It’s not a miracle!

By Phil Plait | May 12, 2007 12:33 pm

Update 2: an article in the news said a fund has been set up for Ms. Malloy by Wells Fargo bank. As I write this it’s evening and they are closed, but I’ll check tomorrow to see if there is a way to donate to this fund online. I didn’t see anything at their website.

Update (Monday, May 14): This blog entry has incited quite a reaction. I expected some, given that I am poking at what is essentially a religious viewpoint about miracles, and a superstitious viewpoint on luck. However, somewhere along the line while writing it I lost track of my ultimate goal which was to simply point out how we tend to ascribe causes to random events, and how this leads to uncritical thinking. Where I blew it was jumping right into this discussion before acknowledging where it comes from: a real human who has suffered a horrible accident. I know it’s hard to tell tone from words, but I am being very honest when I say I wish nothing but good for Ms. Malloy on her road to recovery, and I apologize for any grief she’s had about this. While I disagree with many (if not most) of the negative comments about the meat of my claim, what I cannot disagree with is that the tone of this entry is more snarky than it should have been. I let my irritation get the better of me stylistically, and again I apologize. I hope that my extended comment on this entry clears that up. Given the number of comments and the back-and-forth of them, I will leave this entry intact as I wrote it (except for the insertion about the chiropractor); but it can also serve as a reminder to any of us who blog, comment, or just plain discuss topics, that many times there is a reality behind the discussion, and people who are affected. Some of the comments below cross well over the line as well, so I hope that everyone involved here has learned a lesson.

Man, I get tired of this kind of stuff:

A car crash in Nebraska on Jan. 25 threw Malloy up against the vehicle’s dashboard. In the process, her skull became separated from her spine. The clinical term for her condition is called internal decapitation.

That’s the gist of the article: a woman survives a bad injury that in most cases would kill the victim. But the amount of bad thinking that continues from there is astonishing. Let’s look:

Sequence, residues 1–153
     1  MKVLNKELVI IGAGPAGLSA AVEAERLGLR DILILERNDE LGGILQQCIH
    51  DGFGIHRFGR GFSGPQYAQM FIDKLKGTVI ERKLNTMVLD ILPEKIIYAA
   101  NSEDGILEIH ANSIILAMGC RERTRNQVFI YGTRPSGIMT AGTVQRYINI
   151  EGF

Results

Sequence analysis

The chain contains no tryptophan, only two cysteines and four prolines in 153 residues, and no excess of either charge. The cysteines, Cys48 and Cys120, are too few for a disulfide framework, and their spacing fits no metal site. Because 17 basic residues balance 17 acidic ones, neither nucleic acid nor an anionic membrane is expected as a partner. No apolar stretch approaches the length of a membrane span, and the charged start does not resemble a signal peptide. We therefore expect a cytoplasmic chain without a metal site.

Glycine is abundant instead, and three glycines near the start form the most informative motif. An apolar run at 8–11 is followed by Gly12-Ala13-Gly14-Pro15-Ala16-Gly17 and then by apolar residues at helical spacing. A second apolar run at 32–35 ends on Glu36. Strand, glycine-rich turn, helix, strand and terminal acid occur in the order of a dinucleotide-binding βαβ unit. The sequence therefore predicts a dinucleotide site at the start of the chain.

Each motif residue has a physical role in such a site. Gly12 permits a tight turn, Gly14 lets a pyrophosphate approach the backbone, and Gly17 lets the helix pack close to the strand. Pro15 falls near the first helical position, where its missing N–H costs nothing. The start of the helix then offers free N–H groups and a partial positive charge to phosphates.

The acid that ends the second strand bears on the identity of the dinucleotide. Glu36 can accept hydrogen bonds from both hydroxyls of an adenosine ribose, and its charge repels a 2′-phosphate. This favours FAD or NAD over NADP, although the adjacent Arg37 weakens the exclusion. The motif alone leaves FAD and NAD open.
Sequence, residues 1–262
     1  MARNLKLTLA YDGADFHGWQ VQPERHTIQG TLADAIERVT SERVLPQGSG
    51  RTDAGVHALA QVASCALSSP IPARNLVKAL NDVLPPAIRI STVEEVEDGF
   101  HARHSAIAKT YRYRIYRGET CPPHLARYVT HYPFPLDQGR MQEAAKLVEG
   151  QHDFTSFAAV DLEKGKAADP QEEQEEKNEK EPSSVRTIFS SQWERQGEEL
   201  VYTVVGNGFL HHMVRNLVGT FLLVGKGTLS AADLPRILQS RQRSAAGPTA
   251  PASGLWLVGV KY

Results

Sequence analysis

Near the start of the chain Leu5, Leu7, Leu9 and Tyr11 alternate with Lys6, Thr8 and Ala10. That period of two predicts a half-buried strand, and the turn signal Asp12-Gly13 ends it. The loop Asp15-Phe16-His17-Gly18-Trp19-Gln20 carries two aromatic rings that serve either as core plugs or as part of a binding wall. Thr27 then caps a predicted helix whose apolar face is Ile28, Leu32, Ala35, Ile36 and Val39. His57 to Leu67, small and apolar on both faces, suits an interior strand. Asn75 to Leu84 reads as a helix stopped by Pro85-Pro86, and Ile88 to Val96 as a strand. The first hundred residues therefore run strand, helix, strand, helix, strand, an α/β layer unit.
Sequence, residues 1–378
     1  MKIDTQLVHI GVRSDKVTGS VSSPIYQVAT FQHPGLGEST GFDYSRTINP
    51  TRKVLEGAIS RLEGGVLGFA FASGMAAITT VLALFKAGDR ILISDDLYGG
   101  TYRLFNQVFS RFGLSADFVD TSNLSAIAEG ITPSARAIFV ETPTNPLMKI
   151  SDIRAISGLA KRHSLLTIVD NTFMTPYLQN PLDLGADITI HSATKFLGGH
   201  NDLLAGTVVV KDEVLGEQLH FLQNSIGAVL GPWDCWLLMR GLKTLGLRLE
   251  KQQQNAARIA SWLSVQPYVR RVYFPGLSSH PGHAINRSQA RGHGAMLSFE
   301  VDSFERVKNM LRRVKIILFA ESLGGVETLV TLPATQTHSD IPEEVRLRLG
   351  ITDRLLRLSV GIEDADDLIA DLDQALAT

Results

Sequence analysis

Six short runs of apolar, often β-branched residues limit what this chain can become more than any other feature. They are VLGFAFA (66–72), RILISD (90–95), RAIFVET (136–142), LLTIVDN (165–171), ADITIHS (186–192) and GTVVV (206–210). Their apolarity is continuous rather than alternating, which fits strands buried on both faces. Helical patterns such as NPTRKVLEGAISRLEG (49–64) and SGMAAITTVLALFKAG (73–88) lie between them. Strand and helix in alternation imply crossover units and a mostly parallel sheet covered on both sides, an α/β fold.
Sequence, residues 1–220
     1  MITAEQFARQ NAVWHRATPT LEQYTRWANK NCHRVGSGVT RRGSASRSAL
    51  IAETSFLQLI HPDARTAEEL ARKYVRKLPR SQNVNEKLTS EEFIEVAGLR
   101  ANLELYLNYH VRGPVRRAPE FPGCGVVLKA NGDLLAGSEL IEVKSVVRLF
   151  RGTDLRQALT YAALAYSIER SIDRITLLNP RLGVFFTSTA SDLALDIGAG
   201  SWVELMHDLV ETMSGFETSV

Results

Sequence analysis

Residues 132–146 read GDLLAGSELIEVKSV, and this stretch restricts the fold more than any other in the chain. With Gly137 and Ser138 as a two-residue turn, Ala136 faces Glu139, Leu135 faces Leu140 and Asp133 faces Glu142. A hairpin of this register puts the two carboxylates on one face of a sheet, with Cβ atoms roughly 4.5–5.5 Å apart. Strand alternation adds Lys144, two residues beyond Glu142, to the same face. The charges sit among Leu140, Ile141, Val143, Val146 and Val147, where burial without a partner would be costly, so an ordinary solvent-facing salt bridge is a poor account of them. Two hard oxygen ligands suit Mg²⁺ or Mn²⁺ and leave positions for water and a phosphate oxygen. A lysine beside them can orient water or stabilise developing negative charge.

Miracles do happen. That’s what doctors said about 30-year-old Shannon Malloy.

Ah yes, a miracle. It has nothing to do with pure statistics and probability. Or the fact that medical science has advanced enough to save someone’s life.

Dr. Gary Ghiselli, a chiropractor an orthopedic spine surgeon at the Denver Spine Center, said Malloy’s will to survive is what saved her.

A chiropractor said it was her will. Right. I suppose someone involved with what is at the very best a borderline quack field would say it was her will, and not, say, probability and medical science. Note added Monday, May 14: The original news article said that Dr. Ghiselli was a chiropractor, but that has been amended in that article to indicate that Dr. Ghiselli is an orthopedic spine surgeon — a profession that I can say with some confidence and personal experience is a lot more trustworthy, reliable, and scientific than chiropractic.

“I had a fractured skull, swollen brain stem, bleeding in my brain, GI tube in my stomach, can’t swallow, and nerve damage in my eyes (because they cross),” said Malloy.

Doctors are working on that but she has been lucky enough to get the halo removed.

I know I shouldn’t get upset when people talk about luck, but it still irks me. Luck is probability taken personally, as the saying goes. She wasn’t lucky to get the halo removed, it’s just the way things worked out. I have actually specially worked on not using the word "luck" anymore. It’s just another accepted notion that’s incorrect, and I don’t want to promote it, even colloquially.

“Oh my God, it’s a miracle,” said Malloy.

I guess then it was also a miracle that God made the terrible, horrifying accident to happen in the first place, too. You can’t pick and choose which random events to ascribe to God, folks. If He throws the dice for one, He throws the dice for all.

“It’s a miracle that she was able to survive from the actual accident. It’s a miracle that she’s made the progress that she’s made,” said Ghiselli [the chiropractor].

See above. I suppose then it’s a miracle her skull was severed from her spine, she sustained nerve damage, and she cannot see well or swallow properly.

That’s some miracle. Tell you what: I’ll take my chances on probability.

Comments (136)

  1. Christian Burnham

    I don’t completely agree.

    The quotes don’t appear to be claiming that literal divine intervention was at work.

    It’s more the case that given the severity of the injury there was only a small chance that the patient would survive. That the patient did survive is a good thing.